Alexandra started traveling the world at the age of 6 and visited over 20 countries before she turned 18. Thanks to these experiences, she developed a level of curiosity and passion for growth that made it clear: she needs to continue exploring.
Ever since, she has worked in many different areas, from teaching English to selling journals, but they all had one thing in common: helping people grow and explore, whether it's the world or themselves.
New to the nomad world, Rachel left her cozy life in Minneapolis, Minnesota to indulge in a life of slow travel, beginning her journey Chiang Mai just last year. A musician and graphic designer with a background in event planning and community outreach, Rachel is an enthusiastic addition to our Summit team!
Heather has been living abroad for the past 10 years, but only as a digital nomad for the past 1.5 years.
She was thrown into this lifestyle unexpectedly after being made redundant from her new job with a start-up in Dubai. She sold everything she owned and left her life Dubai with no plan and a one-way ticket to Bangkok!
What was supposed to be 'a few months' of travel and re-evaluating, turned into a year. After ending up in Chiang Mai early on, she quickly got the location independent bug.
She spent the next year learning, networking, trialling different business ideas to figure out how to make this lifestyle a reality for herself.
After trying 'all the things' she discovered she has a love of design and content curation. She now is focusing on this as her business.
Originally from San Francisco, Johnny moved to Thailand in 2008 to pursue Muay Thai Kickboxing and to travel while working as a Scuba Divemaster.
He's now traveling the world 11 months of the year while living out of carry on luggage.
Johnny FD is the founder of the Nomad Summit Conference.
A couple of years ago, it would have been chaotic, if not insanity trying, to work with a remote team.
However, with the emergence of innovative technologies like AI technology, automation, telecommuting, and virtual collaboration have become easier and effective more than ever.
This is especially the case in the sector which has been ranked as one of the biggest contributors to remote job opportunities.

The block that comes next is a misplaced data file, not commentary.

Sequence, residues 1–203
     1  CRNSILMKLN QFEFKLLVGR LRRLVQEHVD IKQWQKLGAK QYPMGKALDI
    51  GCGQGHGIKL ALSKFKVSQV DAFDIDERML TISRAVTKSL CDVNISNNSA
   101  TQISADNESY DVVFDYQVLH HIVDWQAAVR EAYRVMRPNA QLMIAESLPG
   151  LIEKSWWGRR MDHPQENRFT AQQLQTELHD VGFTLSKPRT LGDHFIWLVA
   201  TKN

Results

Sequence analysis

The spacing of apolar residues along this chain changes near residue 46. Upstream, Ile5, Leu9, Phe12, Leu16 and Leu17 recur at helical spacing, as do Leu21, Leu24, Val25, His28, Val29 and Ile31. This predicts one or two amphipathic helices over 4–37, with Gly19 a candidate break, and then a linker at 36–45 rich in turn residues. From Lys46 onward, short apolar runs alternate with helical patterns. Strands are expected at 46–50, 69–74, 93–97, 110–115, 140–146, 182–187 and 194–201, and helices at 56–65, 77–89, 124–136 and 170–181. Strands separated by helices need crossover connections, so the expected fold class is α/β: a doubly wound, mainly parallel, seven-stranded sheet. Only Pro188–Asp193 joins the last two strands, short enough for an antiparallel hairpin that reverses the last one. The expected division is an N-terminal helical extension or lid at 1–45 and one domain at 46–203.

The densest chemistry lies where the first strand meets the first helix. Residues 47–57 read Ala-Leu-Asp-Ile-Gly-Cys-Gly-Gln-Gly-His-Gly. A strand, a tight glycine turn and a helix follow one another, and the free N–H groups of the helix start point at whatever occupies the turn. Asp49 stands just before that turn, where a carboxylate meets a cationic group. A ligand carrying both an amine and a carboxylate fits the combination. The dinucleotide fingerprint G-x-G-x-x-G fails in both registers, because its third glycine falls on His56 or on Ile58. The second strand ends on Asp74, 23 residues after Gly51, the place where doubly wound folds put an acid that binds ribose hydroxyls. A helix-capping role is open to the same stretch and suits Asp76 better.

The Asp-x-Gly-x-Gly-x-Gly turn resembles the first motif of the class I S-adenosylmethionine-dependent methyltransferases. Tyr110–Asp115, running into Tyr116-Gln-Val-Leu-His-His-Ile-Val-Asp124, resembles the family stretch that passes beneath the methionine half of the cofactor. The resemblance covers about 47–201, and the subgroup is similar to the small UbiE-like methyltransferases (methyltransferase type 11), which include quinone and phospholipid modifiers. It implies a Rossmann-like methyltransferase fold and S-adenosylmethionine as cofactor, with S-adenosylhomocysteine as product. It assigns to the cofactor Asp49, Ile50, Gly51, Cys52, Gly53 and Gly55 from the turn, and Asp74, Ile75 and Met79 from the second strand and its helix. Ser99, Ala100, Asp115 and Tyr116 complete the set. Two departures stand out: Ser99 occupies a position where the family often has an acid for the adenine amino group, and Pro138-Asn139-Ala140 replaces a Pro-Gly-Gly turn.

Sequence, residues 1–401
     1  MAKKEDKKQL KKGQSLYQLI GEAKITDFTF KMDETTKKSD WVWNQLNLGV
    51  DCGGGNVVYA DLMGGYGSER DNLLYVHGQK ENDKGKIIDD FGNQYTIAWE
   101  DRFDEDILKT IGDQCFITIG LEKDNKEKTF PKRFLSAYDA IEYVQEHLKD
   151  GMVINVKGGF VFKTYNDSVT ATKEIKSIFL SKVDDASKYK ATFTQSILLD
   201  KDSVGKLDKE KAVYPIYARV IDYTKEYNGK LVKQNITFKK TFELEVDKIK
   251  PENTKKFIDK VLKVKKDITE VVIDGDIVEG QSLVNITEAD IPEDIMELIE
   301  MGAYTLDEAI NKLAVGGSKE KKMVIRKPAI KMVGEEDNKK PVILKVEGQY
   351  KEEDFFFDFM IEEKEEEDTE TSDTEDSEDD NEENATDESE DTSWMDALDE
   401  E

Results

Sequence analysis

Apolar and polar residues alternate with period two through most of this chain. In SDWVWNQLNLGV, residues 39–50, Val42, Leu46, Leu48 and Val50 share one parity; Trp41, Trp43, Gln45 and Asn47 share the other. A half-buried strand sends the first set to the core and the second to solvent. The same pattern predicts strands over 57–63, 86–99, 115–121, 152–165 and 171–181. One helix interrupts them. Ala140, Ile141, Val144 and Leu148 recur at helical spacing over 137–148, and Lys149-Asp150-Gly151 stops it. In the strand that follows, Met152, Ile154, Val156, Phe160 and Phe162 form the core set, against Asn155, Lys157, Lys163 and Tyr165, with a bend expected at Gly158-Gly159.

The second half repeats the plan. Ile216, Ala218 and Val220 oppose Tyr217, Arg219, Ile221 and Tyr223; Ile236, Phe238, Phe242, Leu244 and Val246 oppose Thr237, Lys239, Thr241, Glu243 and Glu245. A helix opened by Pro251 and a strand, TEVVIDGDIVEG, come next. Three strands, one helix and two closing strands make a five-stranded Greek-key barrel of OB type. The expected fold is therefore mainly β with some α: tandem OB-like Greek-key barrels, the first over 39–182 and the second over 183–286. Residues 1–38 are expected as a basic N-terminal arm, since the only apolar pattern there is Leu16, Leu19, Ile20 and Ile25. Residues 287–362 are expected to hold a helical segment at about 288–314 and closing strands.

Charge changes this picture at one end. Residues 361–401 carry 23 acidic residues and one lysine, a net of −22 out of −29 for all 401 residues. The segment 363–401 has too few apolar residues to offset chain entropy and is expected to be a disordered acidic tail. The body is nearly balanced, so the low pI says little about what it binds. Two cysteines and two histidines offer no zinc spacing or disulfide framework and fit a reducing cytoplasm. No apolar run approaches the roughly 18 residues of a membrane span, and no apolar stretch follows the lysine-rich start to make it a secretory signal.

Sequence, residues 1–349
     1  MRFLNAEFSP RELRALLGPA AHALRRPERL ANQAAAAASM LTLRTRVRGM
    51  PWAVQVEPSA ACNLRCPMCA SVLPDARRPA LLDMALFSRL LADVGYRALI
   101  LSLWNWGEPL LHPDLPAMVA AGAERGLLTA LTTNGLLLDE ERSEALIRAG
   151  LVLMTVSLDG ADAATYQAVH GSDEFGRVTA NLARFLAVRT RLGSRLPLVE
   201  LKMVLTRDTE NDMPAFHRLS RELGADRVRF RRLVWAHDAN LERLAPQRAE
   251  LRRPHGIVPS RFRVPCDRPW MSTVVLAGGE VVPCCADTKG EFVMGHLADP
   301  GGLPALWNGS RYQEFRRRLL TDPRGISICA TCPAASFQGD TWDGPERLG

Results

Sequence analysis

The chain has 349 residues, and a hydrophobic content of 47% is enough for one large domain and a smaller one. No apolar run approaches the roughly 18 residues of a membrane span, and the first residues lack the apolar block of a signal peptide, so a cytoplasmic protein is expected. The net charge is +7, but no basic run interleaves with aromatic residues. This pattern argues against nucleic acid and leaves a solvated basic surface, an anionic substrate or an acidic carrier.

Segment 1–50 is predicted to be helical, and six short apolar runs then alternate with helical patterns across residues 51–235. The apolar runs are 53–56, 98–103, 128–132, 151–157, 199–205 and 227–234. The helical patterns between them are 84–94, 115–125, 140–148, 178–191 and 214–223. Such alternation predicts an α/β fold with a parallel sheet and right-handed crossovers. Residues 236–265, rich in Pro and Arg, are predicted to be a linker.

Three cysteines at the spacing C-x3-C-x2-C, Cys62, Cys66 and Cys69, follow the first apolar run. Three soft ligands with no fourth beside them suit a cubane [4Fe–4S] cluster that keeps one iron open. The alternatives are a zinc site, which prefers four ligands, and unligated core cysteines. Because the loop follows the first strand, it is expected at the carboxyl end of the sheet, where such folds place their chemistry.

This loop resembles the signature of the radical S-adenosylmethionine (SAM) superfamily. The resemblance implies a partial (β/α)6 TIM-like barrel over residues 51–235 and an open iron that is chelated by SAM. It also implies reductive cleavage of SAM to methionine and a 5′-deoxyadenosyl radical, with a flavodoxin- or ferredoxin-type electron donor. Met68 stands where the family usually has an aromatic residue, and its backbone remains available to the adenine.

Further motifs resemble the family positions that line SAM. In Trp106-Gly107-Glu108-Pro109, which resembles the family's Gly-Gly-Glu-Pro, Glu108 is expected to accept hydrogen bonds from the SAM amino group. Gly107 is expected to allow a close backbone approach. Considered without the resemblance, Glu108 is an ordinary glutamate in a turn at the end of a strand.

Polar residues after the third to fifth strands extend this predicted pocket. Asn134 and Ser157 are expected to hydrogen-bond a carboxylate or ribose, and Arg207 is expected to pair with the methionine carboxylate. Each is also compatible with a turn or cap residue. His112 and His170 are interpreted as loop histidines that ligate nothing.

In 2013, in the small mountain town of Chiang Mai in Northern Thailand, the digital nomad community had started to thrive.
Even though it was almost six years earlier when Tim Ferriss first published his book, The 4-Hour Workweek that Chiang Mai was first mentioned as an ideal place to live, it took a few years for expats and travelers to start full time businesses online.
During that time, the first coworking space opened and with just 10 members along with a few other entrepreneur friends, small meetups would happen once a month.
It wasn't until mid 2015 after a digital nomad meetup in a night club, called the Blar Blar Bar did the idea of the first Nomad Summit come about.
As you probably know, making any kind of money online is very difficult. When most people look for ways to make money online, they turn to advertising.
Unfortunately, online advertising requires an extreme amount scale for you to be able to make anything. The average CPC of a display ad on Google Adsense is less than $1.
Fortunately, there are promising alternatives out there. In this article, I’ll share with you three ways I have personally made passive income. Some of these ideas made more than others, but in each of them, I’ve had some level of success.
Along with each idea, I’ll talk about the good and bad about it, and give you step-by-step instructions on how to get started if it interests you.
Let’s dive in.
So you’re all packed and excited to come to Chiang Mai. You even booked your flights and a few days at a hotel.
The next step is to find long(er)-term accommodation.
No idea where to start? Worried about finding a place to stay during high season?
Even though it wasn’t as easy as some Facebook posts might suggest, I was able to lock down an apartment in three days.
This was my timeline:
As digital nomads, we are an extremely diverse bunch: full stack web devs VPN’ing into servers from café’s in Ubud, Bali; social media managers checking in on clients using mobile hotspots in the Colorado Rockies; affiliate marketers researching new products at a co-working space in Bansko, Bulgaria.
What we all have in common, however, is remoteness.
In a real sense, we are not physically where we work. There is a space between wherever we are typing on our laptops and those we need to be in touch with.
We can’t walk down the hall to have a quick face-to-face conversation with a client or co-worker or employee.
This makes effective communication across distance, especially written communication, critical for any successful digital nomad.